The impending completion of Sweetie's "pretty room" has set us all off schedule again today - no nap, and lots of room-decor shopping during "down time" (paint-drying time). Now we're finally back home. I've just put in her favorite movie, "Grease", so that should buy me some time to do a little writing now. (Lest you think I'm crazy for allowing a 2 1/2 year old to watch "Grease", she only likes it for its songs, like "Tubby More, Tubby More" and others).
I thought I'd write today about an incident that happened just this past Friday night. It's funny now, but at the time it was quite frustrating. Let me explain.
My husband and I picked up our daughter at my parents' house after work on Friday. She was her usual happy, post-nap-hyper self and was very excited to see us. We hung out for a few minutes and then set out for home. My husband noticed that as soon as he put Sweetie in her carseat she quickly put both her hands down by her side. She kept them there the whole ride home, not even taking them out to remove her shoes and socks, as is her usual car ride activity of choice. When we got home, she expressed her wish to stay in the car instead of go inside and she wouldn't reach for her daddy, as she usually does, when he went to unbuckle her from her seat. He ultimately carried her, kicking and crying, into the house and set her down on the kitchen floor. The only thing we could suggest to her to stop her screams were some cut up strawberries. When daddy went to offer her one as he cut the berries up, Sweetie took it from him - using her mouth only, just like a birdie. And this was the way it went for the entire evening.
I had to feed her the strawberries, as she would not unclasp her hands from behind her back to help herself. She even pointed to which particular slices she wanted - using her nose! After the berries, she wanted some veggies. Those I had to feed to her as we both sat on the kitchen floor because she would not use her hands to help herself stand up to go to her highchair. This continued on for the night. She climbed onto the sofa and chairs using the backs of her hands, and she motioned to daddy that she wanted "up" by going up on her tippy toes and thrusting her nose as high up into the air as it would go. I was able to get her to take a tubby - that worked out well enough. But she never likes to get out of the tub, so this time, after I had drained all the water and she was still in there, she got herself lying down on her belly, then wouldn't use her hands to right herself back up again!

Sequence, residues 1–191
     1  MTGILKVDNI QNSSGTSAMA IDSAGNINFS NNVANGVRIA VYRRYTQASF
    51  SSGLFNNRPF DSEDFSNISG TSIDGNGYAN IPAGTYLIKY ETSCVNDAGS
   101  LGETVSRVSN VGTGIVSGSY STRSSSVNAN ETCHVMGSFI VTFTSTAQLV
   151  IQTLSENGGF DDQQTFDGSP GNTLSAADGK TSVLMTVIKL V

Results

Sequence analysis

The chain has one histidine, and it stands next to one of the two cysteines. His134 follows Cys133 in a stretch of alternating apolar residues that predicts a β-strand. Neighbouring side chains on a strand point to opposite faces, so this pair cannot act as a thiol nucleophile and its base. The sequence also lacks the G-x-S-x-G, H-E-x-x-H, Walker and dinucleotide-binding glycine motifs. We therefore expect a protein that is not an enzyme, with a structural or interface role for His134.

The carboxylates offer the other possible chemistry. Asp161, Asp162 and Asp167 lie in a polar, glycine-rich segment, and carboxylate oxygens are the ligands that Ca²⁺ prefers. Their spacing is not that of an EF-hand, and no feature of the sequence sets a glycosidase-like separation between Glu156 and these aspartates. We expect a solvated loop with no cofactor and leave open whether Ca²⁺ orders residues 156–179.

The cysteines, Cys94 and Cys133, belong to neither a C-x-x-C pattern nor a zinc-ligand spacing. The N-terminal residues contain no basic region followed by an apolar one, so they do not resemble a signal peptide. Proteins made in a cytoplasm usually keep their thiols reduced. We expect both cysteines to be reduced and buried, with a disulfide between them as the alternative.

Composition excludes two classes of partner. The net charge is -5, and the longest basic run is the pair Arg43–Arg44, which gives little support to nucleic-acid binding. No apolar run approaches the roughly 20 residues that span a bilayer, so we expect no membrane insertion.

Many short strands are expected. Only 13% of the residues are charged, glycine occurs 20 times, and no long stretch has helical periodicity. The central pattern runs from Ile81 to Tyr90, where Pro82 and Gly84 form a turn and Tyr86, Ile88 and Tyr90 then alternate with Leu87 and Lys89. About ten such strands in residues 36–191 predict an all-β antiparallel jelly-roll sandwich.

For most of this time my husband was, you guessed it, working upstairs in the "pretty room". Meanwhile, I'm frustrated with Sweetie and yelling at her sometimes to just use her hands. She's frustrated with me and crying, determined not to use her hands. She told me she had an owie, but wouldn't let me see anything. She told me she was messy and needed to wipe her hands, which I did - still didn't help. Like I said, her daddy certainly heard all the commotion going on downstairs, but also knew how important it is, to all of us, that he finish the room as soon as he can. So he stayed where he was and Sweetie and I stayed downstairs to deal with each other, eventually coming to an unspoken agreement; she would use her one hand only and chill out and I would accept that she was a one-handed girl for the time being and help her to accomplish certain tasks as such.
By the very end of the evening, just before her bedtime, she was finally using both hands. I think she eventually just forgot about the whole thing.
Looking back, my husband and I can laugh at the situation and are even impressed with her sticktoitiveness and imagination. But, let me tell ya, in the moment it was no fun at all for me to have a no-handed child. I've got enough challenges on my own, thank you very much. It makes me so much more thankful of the healthy child we have and very appreciative of how well she usually behaves for us.